In the fall of 1884, the St. Olaf Roller Mill was ready for operation; in the meantime, the company had built two houses across the tracks from the mill – residences for the personnel. The house on the track north of Elm Street was occupied by the first head-miller, and family – Mr. and Mrs. Adams and children. Mr. C. H. McFarlin was the assistant miller. (He lived in the house now occupied by Emma Langness and the Adams family lived in the house now occupied by Mr. and Mrs. John Moller.) Quite a vast area surrounding Baltic and the town were settled mostly by Scandinavians, many immigrants from the northern parts of Norway, particularly from Trondhjem and from the farm lands around the city.
Baltic is located in section five in Sverdrup Township and Section thirty-two in Dell Rapids Township, land on which Rolf Anderson Floren and family settled in 1868- land was later acquired by John Langness and Frank Pettigrew.
The first store in the village was built by Chris Ebert in 1884and again there was an elemental hindrance in the progress of the founding of our town of Baltic; on July 21, this store building was demolished by a terrific wind-storm that swept over the entire county. Mr. Ebert rebuilt the store and continued the business until 1887 when he sold to A. J. Berdahl and John 0. Langness. The storm, that destroyed the Ebert Store, was most destructive in the northern section of Minnehaha County – at Dell Rapids a church, a schoolhouse, and three store buildings were blown down and two children were killed; another incident in connection with this fearful storm occurred about ten miles east of Baltic where a rural school house, occupied by the teacher and twenty-one scholars was blown off the foundation and driven about a half mile by the forceful winds. The teacher, in relating the experience said, ‘The first I noticed was a violent rocking of the building and the overturning of the stove, then the building began to move; at times it s eemed to bound over the ground and then it would slip along smoothly.” The teacher had locked the door so the children could not get out, and while she was helping some of the boys hold a desk-top against a broken window, she called to the other children to pray for their deliverance and one little girl replied, “Let us out first.” Strange as it may seem no one was seriously injured, and the building was just slightly damaged- A person, now living in Baltic has a vivid recollection of this incident having been one of the children on that memorable ride. (This girl was Fannie Olsen -now Mrs. M. B. Smemoe)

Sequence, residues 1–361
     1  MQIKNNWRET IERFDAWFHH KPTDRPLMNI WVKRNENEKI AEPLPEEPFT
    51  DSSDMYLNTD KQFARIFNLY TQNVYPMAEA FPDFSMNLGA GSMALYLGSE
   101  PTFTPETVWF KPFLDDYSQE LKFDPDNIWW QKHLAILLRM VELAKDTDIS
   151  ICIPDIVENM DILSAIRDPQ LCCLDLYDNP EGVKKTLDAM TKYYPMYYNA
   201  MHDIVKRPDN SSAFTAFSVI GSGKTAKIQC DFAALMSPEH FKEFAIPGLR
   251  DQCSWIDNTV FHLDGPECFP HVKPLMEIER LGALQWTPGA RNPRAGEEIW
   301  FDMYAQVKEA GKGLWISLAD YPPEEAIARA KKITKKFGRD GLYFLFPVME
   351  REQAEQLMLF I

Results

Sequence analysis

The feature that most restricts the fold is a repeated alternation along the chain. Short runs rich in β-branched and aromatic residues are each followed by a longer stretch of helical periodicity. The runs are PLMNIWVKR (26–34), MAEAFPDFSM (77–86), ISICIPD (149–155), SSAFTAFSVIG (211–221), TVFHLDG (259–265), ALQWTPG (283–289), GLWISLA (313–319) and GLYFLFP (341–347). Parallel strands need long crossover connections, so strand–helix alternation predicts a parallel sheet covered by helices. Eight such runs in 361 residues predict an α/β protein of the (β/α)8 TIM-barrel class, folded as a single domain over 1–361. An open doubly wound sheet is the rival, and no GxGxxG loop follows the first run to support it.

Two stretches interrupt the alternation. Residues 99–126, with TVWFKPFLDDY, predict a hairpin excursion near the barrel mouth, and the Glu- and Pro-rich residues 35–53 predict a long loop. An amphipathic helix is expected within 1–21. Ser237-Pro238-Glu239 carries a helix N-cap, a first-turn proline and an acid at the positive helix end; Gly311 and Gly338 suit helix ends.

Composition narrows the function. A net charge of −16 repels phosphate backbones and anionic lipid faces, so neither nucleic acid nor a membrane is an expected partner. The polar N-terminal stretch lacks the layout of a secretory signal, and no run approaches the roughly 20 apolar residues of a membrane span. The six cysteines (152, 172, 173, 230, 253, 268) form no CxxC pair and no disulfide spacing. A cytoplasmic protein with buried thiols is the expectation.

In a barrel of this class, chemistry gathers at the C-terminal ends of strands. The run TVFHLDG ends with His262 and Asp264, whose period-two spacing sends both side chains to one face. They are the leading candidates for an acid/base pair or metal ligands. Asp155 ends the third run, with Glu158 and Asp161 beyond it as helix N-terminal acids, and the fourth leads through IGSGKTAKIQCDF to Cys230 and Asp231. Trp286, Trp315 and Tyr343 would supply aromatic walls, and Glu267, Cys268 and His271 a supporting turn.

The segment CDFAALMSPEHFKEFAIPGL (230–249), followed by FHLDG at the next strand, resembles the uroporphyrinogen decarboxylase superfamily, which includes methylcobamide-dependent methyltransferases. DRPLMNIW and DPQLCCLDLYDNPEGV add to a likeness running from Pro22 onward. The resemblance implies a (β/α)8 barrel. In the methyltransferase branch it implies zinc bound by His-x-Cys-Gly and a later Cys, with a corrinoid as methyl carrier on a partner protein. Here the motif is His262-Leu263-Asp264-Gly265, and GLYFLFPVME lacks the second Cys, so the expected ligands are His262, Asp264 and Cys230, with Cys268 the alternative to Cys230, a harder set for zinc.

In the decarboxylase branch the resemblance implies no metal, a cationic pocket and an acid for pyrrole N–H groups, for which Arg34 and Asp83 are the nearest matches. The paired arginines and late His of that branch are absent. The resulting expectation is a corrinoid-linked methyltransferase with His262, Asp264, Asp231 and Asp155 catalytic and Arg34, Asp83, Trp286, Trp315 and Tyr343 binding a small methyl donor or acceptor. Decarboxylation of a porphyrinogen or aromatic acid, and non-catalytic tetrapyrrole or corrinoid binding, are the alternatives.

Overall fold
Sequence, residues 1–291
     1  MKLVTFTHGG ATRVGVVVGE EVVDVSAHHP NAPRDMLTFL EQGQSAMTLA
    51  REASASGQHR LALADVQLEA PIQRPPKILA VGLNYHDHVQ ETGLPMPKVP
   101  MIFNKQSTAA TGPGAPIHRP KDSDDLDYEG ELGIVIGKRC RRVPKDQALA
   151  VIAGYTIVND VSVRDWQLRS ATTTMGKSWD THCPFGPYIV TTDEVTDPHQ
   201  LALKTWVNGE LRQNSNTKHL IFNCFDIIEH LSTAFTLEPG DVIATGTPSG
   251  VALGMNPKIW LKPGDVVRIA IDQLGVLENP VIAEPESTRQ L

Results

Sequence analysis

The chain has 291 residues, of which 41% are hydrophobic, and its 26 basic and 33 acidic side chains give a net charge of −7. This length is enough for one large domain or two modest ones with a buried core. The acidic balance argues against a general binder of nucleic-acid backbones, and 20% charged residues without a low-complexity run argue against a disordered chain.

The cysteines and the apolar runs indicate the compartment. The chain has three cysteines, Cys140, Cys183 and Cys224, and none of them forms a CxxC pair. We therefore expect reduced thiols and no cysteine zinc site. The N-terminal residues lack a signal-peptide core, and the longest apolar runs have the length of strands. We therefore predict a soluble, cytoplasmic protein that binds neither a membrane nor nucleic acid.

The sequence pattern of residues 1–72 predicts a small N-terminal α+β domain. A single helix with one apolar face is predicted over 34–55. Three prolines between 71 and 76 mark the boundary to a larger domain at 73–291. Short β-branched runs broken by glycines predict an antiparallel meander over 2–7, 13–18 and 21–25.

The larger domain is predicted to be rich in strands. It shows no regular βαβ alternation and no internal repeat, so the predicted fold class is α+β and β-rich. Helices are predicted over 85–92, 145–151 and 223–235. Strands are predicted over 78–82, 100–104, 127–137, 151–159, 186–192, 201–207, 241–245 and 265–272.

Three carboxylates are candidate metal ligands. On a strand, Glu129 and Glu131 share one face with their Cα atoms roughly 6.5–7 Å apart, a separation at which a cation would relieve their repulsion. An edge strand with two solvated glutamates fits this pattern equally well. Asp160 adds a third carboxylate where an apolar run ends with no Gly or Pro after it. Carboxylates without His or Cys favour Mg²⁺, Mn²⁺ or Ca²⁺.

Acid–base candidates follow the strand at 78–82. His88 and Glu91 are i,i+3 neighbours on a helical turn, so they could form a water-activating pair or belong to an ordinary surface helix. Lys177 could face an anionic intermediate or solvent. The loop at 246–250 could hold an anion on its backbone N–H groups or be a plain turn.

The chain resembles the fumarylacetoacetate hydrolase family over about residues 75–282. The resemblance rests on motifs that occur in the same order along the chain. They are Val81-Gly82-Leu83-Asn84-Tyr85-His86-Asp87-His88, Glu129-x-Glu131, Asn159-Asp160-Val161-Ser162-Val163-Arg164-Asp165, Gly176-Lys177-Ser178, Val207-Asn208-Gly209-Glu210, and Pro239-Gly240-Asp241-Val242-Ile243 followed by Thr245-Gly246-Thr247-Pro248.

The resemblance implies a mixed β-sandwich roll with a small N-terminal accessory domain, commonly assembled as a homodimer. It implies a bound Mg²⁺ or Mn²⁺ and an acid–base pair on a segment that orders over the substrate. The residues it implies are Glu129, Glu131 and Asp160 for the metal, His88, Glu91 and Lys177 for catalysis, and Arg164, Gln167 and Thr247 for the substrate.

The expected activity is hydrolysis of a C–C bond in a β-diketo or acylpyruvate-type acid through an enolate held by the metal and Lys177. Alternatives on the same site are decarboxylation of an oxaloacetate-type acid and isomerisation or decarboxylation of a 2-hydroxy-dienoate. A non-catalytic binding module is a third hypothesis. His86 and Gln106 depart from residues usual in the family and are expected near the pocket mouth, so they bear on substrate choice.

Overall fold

From the records of the proceedings at the regular session of the Minnehaha County Commissioners, January 7,1884, it was ordered that seven hundred dollars be appropriated to aid in the construction of a bridge between Section Five of Sverdrup and Section thirty-two of Dell Rapids Townships. A con- tract for the bridge was signed by R. F. Pettigrew and the chair man of the board. A party who lived here when the bridge was constructed said, “That bridge was built by an old man and a woman helper, and their only tools were a hammer and a saw. They cribbed up a square of timber and filled it with rip-rap stone to support the middle of the bridge.” The bridge was certainly not an elaborate structure and did not appear to be safe to walk across, far less safe for wagon traffic; however that first bridge served until 1895 when the country put in a new bridge of wood on masonry abutments placed on bedrock a short distance south of the old bridge. (That wooden structure was replaced by a steel bridge in 1910.)